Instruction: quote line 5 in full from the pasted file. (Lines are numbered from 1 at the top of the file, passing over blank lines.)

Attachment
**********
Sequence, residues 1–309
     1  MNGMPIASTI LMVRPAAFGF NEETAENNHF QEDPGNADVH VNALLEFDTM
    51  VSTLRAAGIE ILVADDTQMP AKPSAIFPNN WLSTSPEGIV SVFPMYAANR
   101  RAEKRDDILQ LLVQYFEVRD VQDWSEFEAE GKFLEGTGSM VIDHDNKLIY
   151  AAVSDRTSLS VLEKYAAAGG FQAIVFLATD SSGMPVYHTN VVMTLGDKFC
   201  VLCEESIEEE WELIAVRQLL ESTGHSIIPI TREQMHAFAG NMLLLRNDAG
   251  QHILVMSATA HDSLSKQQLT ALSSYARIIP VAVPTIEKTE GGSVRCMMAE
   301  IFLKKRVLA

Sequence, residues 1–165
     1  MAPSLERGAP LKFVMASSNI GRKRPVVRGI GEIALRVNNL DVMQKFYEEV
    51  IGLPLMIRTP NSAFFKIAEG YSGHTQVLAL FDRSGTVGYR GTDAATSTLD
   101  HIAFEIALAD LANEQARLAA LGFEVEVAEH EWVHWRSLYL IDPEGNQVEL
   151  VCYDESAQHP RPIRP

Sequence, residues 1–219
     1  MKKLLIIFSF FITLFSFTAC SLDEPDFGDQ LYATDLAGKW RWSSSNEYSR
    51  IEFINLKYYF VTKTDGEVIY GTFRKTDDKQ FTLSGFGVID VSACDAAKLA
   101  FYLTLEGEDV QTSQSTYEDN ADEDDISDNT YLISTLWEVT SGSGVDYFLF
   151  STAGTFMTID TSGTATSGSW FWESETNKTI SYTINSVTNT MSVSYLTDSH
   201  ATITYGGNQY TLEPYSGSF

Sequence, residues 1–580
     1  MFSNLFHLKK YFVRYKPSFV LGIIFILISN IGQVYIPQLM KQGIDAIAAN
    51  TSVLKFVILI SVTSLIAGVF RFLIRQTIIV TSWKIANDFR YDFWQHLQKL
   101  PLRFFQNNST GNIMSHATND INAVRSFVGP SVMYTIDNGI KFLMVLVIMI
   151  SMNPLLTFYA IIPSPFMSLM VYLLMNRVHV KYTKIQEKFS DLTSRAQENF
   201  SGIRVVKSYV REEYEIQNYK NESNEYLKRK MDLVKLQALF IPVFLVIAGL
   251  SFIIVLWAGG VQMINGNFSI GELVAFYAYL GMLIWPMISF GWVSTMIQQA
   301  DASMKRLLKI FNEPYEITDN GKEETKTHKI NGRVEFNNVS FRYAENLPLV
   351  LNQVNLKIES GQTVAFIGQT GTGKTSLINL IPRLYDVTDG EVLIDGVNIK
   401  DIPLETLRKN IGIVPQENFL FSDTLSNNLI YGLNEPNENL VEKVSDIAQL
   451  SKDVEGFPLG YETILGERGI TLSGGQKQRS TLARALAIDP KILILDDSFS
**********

   151  AAVSDRTSLS VLEKYAAAGG FQAIVFLATD SSGMPVYHTN VVMTLGDKFC